Until recently the threat of European sanctions against Hungary in the form of withholding Covid recovery funds was looming large, despite optimistic declarations by some members of its government. The incessant pressure from a left-dominated European Parliament to withdraw finances from Hungary and the David and Goliath size challenge that Hungary had built against the German-French hegemony in the EU have almost tied the Commission’s decision making mechanism to a single, punitive outcome towards Hungary.
The two elections in September, however, might change the entire equation. The electoral success of Swedish and Italian center-right, conservative movements may force the Commission to reconsider the entire point of forcing Hungary to comply with its centralizing ambitions and ideological profile. Its not the case at all, as many of the European mainstream media would have us believe that the new center-right government in Stockholm intends to present a united front with the one in Budapest. In fact relationships between the Sweden Democrats, touted as ideological brethren of Viktor Orbán’s Fidesz, have very few working ties with their Hungarian counterpart, and have never expressed any intention to present a united ideological front with them.
Photo: MTI/EPA/ANSA/Ettore Ferrari
In a similar fashion, European newspapers are awash with speculation about how Italy and Hungary will erode European unity within, although there is little intention, and even less of a chance of this happening in the coming future. It is a well-known fact that Matteo Salvini is a great admirer of Hungarian border-protection measures, and Giorgia Meloni is, among others, a supporter of Hungarian family and pro-demographic policies. However, contrasted with the Hungarian government, the Italian winning coalition has a very different stance on European matters as well as on their intended course of action against Russia. They are unlikely to risk an open confrontation with Brussels about ideological matters either, something that has blighted Poland’s and Hungary’s relationship with the European institutions for years, especially since the 2014 start of the migrant invasion of Europe.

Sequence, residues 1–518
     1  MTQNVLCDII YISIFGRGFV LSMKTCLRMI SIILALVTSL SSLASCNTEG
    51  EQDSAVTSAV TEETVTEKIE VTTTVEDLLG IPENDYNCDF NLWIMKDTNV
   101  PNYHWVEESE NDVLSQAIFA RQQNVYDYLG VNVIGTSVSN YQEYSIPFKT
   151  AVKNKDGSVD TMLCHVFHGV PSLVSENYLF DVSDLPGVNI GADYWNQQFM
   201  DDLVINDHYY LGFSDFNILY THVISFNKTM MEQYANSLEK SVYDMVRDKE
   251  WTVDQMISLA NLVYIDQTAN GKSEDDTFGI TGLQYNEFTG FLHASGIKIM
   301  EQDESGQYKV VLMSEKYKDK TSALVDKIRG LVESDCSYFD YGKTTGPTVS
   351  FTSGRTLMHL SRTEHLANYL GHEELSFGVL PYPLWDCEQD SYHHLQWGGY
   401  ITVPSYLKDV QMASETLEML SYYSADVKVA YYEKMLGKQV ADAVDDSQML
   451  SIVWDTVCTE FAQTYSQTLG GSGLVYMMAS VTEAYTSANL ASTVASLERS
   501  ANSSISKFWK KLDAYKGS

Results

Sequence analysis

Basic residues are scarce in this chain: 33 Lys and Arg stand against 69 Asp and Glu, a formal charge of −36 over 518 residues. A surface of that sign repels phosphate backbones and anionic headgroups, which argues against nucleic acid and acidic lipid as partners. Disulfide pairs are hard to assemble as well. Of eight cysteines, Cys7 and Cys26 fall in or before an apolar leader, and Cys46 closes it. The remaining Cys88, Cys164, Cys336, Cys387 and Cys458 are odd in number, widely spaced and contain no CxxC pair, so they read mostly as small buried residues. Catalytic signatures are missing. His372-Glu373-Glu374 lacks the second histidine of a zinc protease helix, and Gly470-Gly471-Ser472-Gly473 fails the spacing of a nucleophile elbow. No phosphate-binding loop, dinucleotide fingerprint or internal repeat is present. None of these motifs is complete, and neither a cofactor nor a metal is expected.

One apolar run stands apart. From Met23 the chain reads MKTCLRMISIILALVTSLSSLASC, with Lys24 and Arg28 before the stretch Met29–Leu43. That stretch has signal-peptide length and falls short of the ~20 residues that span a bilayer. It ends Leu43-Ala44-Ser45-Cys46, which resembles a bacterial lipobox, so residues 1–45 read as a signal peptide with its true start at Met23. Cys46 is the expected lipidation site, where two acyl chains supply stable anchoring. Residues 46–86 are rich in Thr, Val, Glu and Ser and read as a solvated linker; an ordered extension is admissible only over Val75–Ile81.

Photo: Facebook Jimmie Akesson
However, the Commission is aware of the fact that they need at least fifteen of the 27 EU member states’ support for withholding vital recovery finances from Hungary, or that of those representing at least 65 percent of Europe’s population. The developments in Italy and Sweden will make them tread more carefully before their decision expected in December. Furthermore, Ursula von der Leyen would in the changed political landscape be very ill-advised to tie the completion of judicial reforms promised by the Mario Draghi government to rule-of-law measures as in the case of Poland. It is unclear whether this is what she meant in her recent scandalous gaffe about having the “necessary tools” to reign in Italy if it were to step out of line, but in a situation like this she would certainly risk creating a yet non-existing alliance between conservative governments in the south and in Central-Eastern Europe.
Hungary has until mid-November to comply with the Commission’s demands concerning anti-corruption measures. Despite there not being any direct correlation between the newly elected governments in Italy and Sweden and Hungary’s disputes with Brussels, the change in European political balance favors a positive resolution of the matter. Brussels is sensing that its hard-line approach of making independently thinking governments challenging its centralizing hegemony an example is backfiring on the level of ordinary voters, and it might just think twice of continuing with its confrontational approach before the elections in Spain, where the right is doing well in the polls, or in Poland, where the left has a fighting chance to return to power.
Featured Photo: Facebook Ursula von der Leyen